• In how many disguises corn sneaks into your food? (Hint: it’s in your soda, your burger, and that Twinkie!)
  • Do you know what that “organic” sticker on your banana actually means … or
  • Where the chicken in your nugget grew up?

Do you know the secrets behind what you eat?
In this book, you’ll go undercover at the supermarket. You’ll delve behind the scenes of your dinner, and by the time you’ve digested the last page you’ll have put together the fascinating (and sometimes disturbing) puzzle of what’s on your plate and how it got there.
--From Michael Pollan's website
What an informative (and slightly disturbing) book! From start to finish, Michael Pollan's journey to find out what's really in our food was masterfully presented. It began as a bit of a let-down as it described the cruelty and destruction that went into an industrial meal. The format of the book was also intriguing - each section ended with a meal eaten in the category that Pollan was describing.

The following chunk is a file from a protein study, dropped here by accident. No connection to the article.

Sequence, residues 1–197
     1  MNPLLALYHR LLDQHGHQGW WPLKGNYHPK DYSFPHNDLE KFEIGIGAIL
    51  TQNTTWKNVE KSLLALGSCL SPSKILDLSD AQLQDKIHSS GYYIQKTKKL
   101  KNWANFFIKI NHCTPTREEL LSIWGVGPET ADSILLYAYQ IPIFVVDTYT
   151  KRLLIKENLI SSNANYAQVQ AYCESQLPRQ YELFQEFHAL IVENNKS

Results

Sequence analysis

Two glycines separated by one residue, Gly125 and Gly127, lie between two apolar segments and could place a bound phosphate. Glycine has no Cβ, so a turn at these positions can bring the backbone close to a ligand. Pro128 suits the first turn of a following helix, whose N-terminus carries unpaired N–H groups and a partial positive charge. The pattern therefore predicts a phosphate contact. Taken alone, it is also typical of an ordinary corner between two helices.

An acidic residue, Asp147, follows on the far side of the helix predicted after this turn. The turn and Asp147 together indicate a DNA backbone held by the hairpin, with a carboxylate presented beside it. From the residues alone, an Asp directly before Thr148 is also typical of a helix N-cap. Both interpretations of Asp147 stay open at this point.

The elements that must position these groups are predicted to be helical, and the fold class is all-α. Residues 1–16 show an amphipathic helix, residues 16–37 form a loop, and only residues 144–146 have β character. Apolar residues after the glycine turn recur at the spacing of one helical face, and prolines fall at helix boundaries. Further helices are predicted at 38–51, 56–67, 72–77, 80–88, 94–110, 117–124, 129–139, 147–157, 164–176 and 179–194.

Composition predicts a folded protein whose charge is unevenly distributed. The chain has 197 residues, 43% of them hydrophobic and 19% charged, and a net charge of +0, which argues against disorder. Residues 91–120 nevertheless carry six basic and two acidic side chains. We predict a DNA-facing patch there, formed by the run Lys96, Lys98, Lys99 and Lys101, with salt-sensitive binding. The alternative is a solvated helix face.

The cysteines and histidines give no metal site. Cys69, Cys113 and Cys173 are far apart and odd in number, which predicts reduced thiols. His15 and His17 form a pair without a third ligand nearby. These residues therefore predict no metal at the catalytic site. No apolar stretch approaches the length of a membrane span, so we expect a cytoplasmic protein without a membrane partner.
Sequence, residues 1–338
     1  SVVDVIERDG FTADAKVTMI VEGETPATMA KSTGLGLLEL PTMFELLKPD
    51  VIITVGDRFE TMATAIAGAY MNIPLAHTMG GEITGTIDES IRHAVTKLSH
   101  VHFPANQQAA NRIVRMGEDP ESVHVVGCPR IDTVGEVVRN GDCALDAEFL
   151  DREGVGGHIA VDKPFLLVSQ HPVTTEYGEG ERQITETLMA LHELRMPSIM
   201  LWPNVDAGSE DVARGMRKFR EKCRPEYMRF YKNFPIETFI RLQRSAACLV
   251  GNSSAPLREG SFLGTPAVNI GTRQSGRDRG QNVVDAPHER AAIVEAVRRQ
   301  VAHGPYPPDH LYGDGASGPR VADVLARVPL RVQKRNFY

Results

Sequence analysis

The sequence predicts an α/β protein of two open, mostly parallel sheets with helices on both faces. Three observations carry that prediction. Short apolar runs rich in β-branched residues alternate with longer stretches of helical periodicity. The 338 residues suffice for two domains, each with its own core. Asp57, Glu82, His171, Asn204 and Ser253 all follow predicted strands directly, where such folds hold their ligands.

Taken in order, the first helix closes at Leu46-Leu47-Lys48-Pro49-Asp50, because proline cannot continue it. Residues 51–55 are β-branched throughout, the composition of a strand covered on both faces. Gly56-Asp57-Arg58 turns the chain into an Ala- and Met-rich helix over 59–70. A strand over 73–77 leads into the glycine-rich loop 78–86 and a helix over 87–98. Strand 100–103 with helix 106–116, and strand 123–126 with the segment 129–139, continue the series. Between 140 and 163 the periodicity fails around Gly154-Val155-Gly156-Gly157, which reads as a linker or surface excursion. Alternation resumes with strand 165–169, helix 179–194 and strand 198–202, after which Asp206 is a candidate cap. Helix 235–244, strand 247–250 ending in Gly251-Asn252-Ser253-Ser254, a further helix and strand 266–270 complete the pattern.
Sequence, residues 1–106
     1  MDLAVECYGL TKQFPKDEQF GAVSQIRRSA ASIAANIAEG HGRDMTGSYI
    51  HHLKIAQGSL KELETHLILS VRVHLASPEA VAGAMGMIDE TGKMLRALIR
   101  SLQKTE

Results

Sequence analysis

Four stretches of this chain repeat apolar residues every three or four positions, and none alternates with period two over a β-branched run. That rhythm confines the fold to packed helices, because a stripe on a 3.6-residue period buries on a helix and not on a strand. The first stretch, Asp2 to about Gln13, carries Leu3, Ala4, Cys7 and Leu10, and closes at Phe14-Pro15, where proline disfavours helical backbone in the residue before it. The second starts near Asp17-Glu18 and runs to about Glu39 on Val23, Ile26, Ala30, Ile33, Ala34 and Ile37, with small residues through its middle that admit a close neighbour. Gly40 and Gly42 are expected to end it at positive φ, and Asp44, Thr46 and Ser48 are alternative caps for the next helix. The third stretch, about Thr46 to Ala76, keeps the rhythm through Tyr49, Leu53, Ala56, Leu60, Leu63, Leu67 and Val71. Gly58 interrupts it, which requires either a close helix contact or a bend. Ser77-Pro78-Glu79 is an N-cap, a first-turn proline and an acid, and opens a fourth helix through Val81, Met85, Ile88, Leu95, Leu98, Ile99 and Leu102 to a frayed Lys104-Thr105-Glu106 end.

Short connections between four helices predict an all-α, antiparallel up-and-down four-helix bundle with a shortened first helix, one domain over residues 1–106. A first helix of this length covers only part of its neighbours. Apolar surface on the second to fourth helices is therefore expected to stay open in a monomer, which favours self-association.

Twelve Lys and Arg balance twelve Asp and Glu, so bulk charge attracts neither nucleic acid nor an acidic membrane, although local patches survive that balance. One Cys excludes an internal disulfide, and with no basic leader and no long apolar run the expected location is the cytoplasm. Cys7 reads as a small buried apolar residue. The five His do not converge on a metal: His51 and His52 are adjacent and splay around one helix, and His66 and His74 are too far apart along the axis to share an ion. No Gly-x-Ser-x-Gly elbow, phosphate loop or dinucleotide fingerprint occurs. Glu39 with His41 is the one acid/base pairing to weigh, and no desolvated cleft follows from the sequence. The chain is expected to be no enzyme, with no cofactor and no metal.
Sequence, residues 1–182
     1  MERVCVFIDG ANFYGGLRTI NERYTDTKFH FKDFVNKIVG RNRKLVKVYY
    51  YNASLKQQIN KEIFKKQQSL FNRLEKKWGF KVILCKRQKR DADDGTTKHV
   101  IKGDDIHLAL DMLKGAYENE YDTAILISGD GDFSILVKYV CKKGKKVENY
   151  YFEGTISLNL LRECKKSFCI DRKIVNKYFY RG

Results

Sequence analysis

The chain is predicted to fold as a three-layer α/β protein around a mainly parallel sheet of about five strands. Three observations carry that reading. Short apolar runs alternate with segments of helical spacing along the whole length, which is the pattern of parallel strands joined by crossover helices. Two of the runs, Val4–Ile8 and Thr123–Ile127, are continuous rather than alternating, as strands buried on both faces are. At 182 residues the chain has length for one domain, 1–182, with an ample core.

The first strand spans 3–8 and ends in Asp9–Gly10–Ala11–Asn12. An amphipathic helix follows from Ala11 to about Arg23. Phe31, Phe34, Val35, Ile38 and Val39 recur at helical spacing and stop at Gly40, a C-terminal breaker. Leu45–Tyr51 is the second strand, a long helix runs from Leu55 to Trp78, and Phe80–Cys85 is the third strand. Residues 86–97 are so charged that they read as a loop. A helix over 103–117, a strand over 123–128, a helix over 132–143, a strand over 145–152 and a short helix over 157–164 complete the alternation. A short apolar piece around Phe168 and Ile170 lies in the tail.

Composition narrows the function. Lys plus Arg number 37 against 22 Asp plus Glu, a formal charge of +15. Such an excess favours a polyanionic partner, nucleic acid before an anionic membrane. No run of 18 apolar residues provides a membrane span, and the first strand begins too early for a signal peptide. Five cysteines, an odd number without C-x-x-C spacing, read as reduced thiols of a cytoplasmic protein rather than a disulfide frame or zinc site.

The middle was information packed, and the book ended with a really touching message about "voting with our forks" and making sure old food chains didn't disappear from the earth.

Not much analysis to do, really.
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Inspired by the Rapunzel fairy tale, this one started out as just a head of freakishly long golden hair...

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Yay. This is another bunny-themed piece, another collaboration with Mashimaro.

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When 9 year old Audrey and her best friend, Julianna, discover a tattered note in Audrey's mailbox, they embark on an adventure that will change their lives forever. A missing show dog worth a fortune, two dangerous villains and a series of mysterious clues come together in this first exciting adventure of the Jellybean Club.

It was cute. Really cute. Although I'm not a big fan of the mystery genre in general, I was kind of drawn to the cover. I liked the cover (okay, now I'm being redundant). It was on sale for free, so I got it onto my Kindle. However, it was a bit rushed, but it will appeal to younger readers closer to Audrey's age.